A City Called Decay
Sun-scorched denizens hiding in febrile shade A place of contempt Where every doorway contains permanent shadows Paper memorials and decaying flowers
Of Valiant Decree
The dreariness of each coming morning is fractured by the tears veiling your pupils Bitter sentiments ring throughout your ears as you try and piece together the semblance of previous morning rituals
The Blackest of Hearts
I will arrive, Once I am done gathering the pieces left from past transgressions. I hold the end in my arms, And the rest shuffles into the wind.
Remnants of Our Shadows
Under guidance not fully coherent with the masses, I tremble Tremble away guilt ridden lies and devious, malnourished amorous blessings
'Dawn of the Dead' (1978) vs. 'Dawn of the Dead' (2004)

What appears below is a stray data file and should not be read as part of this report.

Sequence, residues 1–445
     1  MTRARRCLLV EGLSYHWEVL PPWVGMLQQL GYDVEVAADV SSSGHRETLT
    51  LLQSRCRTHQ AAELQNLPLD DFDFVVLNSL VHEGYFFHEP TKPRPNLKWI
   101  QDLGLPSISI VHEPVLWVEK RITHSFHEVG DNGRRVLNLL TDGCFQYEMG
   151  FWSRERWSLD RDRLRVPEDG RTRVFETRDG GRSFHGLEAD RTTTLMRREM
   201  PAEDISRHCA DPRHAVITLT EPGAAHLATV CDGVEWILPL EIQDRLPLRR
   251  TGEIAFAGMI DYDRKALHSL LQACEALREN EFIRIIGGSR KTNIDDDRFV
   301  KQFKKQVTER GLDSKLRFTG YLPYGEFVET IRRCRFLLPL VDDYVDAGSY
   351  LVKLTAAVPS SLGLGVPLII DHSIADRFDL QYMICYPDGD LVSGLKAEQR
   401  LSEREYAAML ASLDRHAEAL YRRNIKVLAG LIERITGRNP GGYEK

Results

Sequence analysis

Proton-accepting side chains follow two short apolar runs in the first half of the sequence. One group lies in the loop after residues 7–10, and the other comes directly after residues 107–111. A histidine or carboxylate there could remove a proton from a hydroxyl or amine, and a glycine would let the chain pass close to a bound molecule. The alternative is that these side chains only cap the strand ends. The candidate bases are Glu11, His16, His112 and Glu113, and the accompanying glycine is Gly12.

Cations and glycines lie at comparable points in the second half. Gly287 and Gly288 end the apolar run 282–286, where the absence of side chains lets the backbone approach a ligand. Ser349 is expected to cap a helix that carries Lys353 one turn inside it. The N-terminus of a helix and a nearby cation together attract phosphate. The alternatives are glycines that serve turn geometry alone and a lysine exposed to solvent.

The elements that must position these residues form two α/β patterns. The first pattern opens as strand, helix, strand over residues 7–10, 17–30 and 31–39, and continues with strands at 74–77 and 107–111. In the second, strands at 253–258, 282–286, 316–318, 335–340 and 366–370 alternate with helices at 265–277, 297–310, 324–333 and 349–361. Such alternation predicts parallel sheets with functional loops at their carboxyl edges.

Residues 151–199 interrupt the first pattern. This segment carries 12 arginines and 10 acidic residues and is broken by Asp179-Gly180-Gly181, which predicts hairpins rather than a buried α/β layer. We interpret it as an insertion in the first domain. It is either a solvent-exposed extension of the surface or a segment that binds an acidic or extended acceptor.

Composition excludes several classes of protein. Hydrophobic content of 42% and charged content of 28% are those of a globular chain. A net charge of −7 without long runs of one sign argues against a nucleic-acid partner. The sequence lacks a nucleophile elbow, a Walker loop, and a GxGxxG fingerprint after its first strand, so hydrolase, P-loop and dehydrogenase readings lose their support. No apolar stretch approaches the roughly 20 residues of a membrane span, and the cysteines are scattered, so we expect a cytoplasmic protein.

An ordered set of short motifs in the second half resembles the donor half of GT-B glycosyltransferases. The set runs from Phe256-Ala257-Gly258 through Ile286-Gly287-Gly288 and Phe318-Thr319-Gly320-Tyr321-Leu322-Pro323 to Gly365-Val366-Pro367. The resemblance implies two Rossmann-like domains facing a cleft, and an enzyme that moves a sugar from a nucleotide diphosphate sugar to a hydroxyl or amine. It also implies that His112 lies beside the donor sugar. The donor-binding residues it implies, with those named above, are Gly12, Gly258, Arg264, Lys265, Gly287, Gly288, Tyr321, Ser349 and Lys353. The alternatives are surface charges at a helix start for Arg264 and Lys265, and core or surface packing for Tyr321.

Whenever a movie is remade, comparisons between the original movie and the remake are inevitable. George Romero’s Dawn of the Dead, a movie about survivors of a zombie outbreak taking refuge in a shopping mall, is no exception. Which version is better—the original 1978 movie or the 2004 remake? To answer this question, it is helpful to examine two major aspects of both movies: story development and the use of the zombies as a plot device.
The End We Will Never See
I tried to keep you near Our finger tips pressed and ached together, our grip slowly subsiding Along with your scent I once believed that soon it shall be
Sea Breezes & Salted Wounds
You could have been Once encased within my embrace You could have ruled I write these words on parchment meant for the gods
A Last Time for Everything
It's after midnight The cadence of your breathing is inebriating A chill cascades across the room I pull you closer The warmth emanating from our bodies marries underneath the covers